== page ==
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Robert Street: 1908

St. Paul, Minn., circa 1908. "Robert Street." With dental parlors in Starbucksian abundance. 8x10 inch glass negative, Detroit Publishing Co. View full size.

St. Paul, Minn., circa 1908. "Robert Street." With dental parlors in Starbucksian abundance. 8x10 inch glass negative, Detroit Publishing Co. View full size.


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Quite a change!

A time traveler from the past would be lost here. I see maybe 2-3 buildings that haven't changed. I wonder what another 100+ will look like.

Minnesota's pioneering female dentist

Dr. Olga Lentz, shown here in her full glory.

From the Other Side

of the window of Dr. Olga A. Lentz - Dentist

One floor up

Today, pedestrian traffic has abandoned Robert Street in favor of the skyways, except for those who waiting for a bus. The foreground has become, on both sides, the Securian Center - reflecting a successful effort at assembling enough contiguous class A office space and parking to host a corporate campus downtown.

One building in the picture is standing today - the seven-story Manhattan Building (now known as the Empire Building) on the left side. Four of its historically-registered floors are visible above the Segal Shoes sign.

The Car

Looks to me like a Packard of about 1906, possibly a model S.

Dr Olga, Zahnartzin.

I lived in Minnesota for most of the 1980s, and there were still middle aged people who grew up remembering German as a first language in some of the smaller towns.

Don't Ogle Olga

The picture below should make it abundantly clear that Dr. Lentz is all business. So sit back in the dental chair and open wide but Please, with a capital P that rhymes with T and that stands for Trouble! Right here in St. Paul. Please don't ogle Olga.

Where did the Packard go?

I always like the before and after photos taken in the same location.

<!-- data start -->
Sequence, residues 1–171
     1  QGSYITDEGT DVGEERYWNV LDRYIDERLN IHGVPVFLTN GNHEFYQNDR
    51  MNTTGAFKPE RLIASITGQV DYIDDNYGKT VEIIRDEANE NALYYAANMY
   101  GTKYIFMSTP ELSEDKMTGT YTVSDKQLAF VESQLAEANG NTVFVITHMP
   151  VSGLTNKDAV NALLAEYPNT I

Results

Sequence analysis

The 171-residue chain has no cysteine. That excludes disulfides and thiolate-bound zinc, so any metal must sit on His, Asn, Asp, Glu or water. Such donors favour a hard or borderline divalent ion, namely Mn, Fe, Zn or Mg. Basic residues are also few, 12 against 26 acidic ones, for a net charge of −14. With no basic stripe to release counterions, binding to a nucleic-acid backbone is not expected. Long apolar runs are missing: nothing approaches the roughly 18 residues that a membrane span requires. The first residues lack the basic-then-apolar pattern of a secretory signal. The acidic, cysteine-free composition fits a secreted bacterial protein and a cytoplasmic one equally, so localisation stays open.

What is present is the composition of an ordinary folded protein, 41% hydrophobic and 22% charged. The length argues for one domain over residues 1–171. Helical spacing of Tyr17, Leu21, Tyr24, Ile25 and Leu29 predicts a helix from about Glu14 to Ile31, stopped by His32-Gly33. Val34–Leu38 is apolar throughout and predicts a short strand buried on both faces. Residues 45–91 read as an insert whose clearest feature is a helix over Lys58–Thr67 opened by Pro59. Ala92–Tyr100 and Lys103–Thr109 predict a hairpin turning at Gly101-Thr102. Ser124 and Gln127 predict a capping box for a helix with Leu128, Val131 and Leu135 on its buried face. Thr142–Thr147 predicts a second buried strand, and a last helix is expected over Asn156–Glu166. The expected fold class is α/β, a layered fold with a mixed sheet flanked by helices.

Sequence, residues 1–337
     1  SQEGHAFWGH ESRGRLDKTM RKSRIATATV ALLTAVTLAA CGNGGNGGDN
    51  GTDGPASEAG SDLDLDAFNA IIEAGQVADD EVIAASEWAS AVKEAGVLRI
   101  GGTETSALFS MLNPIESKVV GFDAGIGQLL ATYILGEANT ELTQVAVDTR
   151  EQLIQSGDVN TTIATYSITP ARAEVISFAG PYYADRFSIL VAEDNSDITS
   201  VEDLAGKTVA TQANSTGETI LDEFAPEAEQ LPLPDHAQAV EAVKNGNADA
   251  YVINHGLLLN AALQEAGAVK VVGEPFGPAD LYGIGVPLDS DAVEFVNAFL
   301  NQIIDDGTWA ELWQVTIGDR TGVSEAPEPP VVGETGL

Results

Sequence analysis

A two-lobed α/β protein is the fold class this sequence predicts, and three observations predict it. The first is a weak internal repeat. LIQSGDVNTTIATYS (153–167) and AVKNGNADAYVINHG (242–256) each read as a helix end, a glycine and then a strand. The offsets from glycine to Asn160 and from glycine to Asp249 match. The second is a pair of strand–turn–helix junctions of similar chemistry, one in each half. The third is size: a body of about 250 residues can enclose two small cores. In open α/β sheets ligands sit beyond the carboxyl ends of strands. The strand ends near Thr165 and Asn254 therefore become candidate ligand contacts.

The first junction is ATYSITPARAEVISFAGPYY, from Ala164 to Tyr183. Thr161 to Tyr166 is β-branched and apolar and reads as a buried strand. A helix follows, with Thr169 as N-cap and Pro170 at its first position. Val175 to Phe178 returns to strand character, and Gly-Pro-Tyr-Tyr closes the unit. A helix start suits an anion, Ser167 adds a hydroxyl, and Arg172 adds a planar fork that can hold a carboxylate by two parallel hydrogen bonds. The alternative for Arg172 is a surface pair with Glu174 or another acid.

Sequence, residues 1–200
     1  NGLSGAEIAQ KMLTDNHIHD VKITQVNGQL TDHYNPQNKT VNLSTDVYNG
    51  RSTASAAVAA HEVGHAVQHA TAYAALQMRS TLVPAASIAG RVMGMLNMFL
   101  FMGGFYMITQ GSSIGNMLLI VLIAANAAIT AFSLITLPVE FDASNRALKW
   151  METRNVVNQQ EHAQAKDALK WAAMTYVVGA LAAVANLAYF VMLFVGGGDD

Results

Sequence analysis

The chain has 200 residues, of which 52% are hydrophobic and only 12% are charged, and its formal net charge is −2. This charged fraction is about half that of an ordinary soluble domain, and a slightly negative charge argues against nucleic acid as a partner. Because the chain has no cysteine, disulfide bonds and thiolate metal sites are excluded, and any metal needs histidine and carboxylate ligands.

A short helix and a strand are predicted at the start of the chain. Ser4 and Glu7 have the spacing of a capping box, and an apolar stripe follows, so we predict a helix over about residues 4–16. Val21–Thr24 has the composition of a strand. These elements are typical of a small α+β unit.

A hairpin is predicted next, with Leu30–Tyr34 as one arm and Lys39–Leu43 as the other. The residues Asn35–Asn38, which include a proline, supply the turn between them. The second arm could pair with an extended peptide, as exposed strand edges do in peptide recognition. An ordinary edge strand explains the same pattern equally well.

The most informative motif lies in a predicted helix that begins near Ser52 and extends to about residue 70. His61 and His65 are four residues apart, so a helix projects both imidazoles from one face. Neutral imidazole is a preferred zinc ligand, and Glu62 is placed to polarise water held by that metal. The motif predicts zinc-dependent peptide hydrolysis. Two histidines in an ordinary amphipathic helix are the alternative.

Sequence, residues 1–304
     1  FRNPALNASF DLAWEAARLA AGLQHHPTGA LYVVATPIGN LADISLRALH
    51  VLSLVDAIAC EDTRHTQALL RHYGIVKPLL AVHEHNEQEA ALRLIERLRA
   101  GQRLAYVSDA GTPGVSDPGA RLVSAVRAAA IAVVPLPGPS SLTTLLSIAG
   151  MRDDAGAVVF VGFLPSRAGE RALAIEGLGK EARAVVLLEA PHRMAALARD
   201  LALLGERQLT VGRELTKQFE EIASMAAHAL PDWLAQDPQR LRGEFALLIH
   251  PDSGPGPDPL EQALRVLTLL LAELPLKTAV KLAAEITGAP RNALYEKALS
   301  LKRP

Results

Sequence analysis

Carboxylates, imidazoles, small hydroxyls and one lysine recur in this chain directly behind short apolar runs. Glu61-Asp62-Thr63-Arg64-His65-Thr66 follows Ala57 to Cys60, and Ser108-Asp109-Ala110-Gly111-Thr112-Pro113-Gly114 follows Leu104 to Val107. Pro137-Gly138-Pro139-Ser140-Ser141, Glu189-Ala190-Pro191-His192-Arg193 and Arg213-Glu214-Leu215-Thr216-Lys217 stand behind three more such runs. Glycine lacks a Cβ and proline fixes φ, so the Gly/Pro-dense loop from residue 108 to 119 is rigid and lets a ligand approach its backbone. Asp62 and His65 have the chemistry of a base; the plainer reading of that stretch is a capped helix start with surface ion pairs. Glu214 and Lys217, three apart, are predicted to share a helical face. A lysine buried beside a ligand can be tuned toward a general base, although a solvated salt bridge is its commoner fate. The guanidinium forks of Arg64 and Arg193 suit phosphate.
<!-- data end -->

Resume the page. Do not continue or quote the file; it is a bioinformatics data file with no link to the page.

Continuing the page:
However, I miss the 1907 Packard Model 30 that is in the lower right of the original photo.

George Jetson was here

I want George Jetson's time machine so I can go step into this scene. I know he has one because the only way any car can obey the "cars stop here" sign is if they are flying ones.
I want his bubble car and I want his time machine, and I want them now.

[The cars of "Cars stop here" would be streetcars. - Dave]

103 years have gone by

And what happened to all the people that used to bustle about this street, I wonder. Maybe 5-7 people tops can be seen in the 2011 shot, as opposed to 40 to 50 people in 1908. Interesting.

Ryan Hotel

That's the Ryan Hotel on the left, dismantled in 1962.


Below is the same view, looking south from 7th, taken in September of 2008.

Dr Lentz, lady (German) dentist

I think people advertising in German was pretty common at the turn of the last century. (Think about that the next time you see signs in Spanish at a store.)

But a lady dentist strikes me as much more unusual.

Best time to be born

Every time I see a picture from 1908, I think of my beloved grandfather, who was born on Dec. 16 of that year. He said that it was the best time anyone could have been born (for reasons obvious to us history buffs, here on Shorpy). The last time I saw him, he reminded me of that, and what a great life he'd had. He apparently knew that he would be joining Grandma in the hereafter, soon, and didn't want me to be sad. He died a few months later, at the age of 83.

Something's missing.

The same view today from Seventh and Robert.

View Larger Map

In the old photo, the first Robert Street bridge, completed in 1885, can be seen in the distance.

Olga From the Volga

This title has nothing to do with the picture, but the abundance of dentists seems to have crowded out all the chop suey parlors (what the heck is he talking about?). Olga in the title was a fast and loose young lady immigrant, a real person from my teen years who was in high demand as a date and that is all I'll say about that. As for dentists, my father used to have his teeth repaired by a co-worker in a factory who had dabbled in dentistry and did his "practicing" in his home kitchen, very inexpensive and no painkillers. He also removed my dad's nasal polyps for him cheap. Ah, the good old days.

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